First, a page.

During the quarter, Stratasys gained additional traction after signing two major end-use part manufacturing contracts, one of them with the US Navy and the other with a leading global original equipment manufacturer (OEM). As part of the deal, the military department will purchase up to 25 large F900 FDM systems, materials, and support services over five years for $20 million. Zeif said this could be “the biggest government additive manufacturing (AM) deal of its kind.”

As a result, this purchase will advance the US Department of Defense (DoD)’s stated strategy for increasing its use of AM and allow the Navy to produce mission-critical parts closer to their point of need. It will also demonstrate the ability to use distributed manufacturing with digital inventory and global deployment. In addition, the machines will be geared for producing end-use parts, tooling, and training aids, and will be part of the Navy’s aircraft maintenance program. Similarly, a second multi-million-dollar contract for multiple F900 systems was also awarded, but this will be a repeat purchase from an undisclosed leading brand-name OEM.

Medical uses for 3D printed anatomical models.

Ricoh 3D for Healthcare partners with Stratasys to create anatomic models. Image courtesy of Ricoh.

On the medical side, Stratasys started working with Ricoh 3D for Healthcare to provide anatomical models at the point of care for hospitals across the US. With the help of integrated IBM Watson Health technology and Stratasys 3D printers, this collaboration will enable clinicians to access 3D printed, patient-specific anatomic models for greater visibility into patient needs.

Ricoh uses the Stratasys J750 Digital Anatomy and J5 MediJet 3D printers to create the life-like models produced for Ricoh 3D for Healthcare that can reflect an individual patient’s pathology and be physically manipulated like human tissue. Medical models allow clinicians to deliver more personalized care through better surgical preparation and patient education and can also be used for medical training purposes. Wanting to reduce barriers to entry that healthcare providers can encounter when setting up a 3D printing facility, Stratasys and Ricoh will render these models to any facility using IBM iConnect® Access, a zero-footprint universal viewer for real-time image sharing and exchange.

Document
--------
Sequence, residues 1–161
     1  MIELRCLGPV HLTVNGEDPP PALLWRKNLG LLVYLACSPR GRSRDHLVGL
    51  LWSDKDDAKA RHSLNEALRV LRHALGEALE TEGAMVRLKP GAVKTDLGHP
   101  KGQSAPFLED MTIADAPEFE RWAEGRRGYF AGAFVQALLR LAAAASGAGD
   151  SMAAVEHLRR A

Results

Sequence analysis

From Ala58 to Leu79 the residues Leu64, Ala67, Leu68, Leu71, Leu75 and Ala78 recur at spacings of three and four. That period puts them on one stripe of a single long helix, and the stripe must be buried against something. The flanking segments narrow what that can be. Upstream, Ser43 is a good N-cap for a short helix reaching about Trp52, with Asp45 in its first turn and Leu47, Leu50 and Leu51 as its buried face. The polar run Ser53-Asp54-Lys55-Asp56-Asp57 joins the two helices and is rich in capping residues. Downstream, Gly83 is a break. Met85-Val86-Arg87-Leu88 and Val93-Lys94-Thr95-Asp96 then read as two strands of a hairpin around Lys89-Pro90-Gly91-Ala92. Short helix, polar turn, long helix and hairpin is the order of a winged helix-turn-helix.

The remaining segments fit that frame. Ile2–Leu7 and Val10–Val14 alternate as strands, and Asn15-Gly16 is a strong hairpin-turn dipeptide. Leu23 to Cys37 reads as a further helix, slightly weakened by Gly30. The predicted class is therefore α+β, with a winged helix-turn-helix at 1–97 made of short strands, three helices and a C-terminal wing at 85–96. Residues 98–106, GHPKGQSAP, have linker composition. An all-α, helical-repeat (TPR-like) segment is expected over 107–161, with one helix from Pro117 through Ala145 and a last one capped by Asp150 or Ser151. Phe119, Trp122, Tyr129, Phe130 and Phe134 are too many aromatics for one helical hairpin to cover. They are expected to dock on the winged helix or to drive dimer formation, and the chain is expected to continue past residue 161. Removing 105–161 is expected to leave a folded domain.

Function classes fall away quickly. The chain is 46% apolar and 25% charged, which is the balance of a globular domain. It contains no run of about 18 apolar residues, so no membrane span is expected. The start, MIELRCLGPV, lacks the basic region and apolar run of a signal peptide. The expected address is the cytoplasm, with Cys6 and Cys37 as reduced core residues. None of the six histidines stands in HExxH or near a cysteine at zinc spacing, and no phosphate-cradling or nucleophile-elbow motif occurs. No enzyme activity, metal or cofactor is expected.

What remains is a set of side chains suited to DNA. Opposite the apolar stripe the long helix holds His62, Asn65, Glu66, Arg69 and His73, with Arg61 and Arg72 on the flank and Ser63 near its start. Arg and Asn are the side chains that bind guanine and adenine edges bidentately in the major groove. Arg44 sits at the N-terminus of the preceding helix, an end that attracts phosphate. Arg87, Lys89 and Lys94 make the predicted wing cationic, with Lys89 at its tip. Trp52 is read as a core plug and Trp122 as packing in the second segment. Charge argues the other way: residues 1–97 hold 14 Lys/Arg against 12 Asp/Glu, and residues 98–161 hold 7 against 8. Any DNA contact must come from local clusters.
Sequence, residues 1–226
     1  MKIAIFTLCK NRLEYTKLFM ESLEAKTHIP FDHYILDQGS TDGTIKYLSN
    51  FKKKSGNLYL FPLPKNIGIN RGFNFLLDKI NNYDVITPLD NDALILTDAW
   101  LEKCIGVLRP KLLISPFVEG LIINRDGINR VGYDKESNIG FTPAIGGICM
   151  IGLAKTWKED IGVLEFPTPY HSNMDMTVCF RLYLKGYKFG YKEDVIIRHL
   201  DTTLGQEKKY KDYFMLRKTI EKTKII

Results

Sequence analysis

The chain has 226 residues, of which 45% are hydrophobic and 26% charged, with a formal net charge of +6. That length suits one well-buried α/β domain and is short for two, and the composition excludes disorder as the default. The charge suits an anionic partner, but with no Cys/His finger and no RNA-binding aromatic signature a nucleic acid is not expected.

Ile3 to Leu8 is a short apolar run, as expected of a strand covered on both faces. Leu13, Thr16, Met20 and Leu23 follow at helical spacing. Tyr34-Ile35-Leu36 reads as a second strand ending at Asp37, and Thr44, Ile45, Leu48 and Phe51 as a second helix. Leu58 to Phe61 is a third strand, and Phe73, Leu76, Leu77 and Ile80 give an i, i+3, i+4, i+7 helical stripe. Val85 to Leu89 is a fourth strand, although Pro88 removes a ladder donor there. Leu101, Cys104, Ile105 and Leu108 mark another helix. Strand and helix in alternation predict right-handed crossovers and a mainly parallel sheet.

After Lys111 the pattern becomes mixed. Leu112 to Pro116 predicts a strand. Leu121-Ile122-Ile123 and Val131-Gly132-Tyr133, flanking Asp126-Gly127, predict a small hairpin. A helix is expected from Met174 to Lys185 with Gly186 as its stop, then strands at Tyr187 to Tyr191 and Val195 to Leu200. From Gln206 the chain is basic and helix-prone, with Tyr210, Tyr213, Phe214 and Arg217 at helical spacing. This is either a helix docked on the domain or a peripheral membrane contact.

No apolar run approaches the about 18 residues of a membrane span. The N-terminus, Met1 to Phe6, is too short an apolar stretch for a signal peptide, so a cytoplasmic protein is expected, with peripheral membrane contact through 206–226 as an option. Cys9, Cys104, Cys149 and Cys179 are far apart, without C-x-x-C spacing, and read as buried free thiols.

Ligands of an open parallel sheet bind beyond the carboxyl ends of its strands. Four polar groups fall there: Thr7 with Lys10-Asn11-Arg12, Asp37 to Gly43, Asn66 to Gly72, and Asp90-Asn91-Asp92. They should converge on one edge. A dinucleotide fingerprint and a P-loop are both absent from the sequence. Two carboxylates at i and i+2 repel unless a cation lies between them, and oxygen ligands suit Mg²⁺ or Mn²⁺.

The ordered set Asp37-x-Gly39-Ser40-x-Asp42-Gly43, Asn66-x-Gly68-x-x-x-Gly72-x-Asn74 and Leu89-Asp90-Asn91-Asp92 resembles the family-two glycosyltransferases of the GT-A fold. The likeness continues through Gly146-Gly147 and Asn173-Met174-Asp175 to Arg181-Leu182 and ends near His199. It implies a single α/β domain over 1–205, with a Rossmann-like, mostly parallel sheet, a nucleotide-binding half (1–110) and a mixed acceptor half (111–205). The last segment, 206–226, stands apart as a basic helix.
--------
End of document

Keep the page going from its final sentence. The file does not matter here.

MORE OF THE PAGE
Anatomical models made with Stratasys new J5 Medijet.

The new J5 Medijet for medical applications is designed to make anatomical models, surgical guides, and medical equipment using sterilizable and biocompatible materials. Image courtesy of Stratasys.

Commenting on Stratasys’ solid medical segment, Zeif explained that “healthcare has been an increasing growth driver and has grown faster than any other end-market for us over the past two years. 3D printing brings key benefits such as personalization for medical needs and mass customization for dental applications. During the quarter we furthered our expansion into dental, particularly through strong sales of our new DentaJet system. We continue to add new customers to our install base, as they appreciate our unique advanced features, such as the ability to print a mix of parts on a single tray, with unattended operation.”

Fully in investment mode, Stratasys believes it will drive increased revenue and profits in the future. Based on current market conditions and assuming that the impacts of the pandemic or global supply chain constraints do not impede the economic environment further, the company will continue executing its vision of becoming the first choice for polymer 3D printing solutions.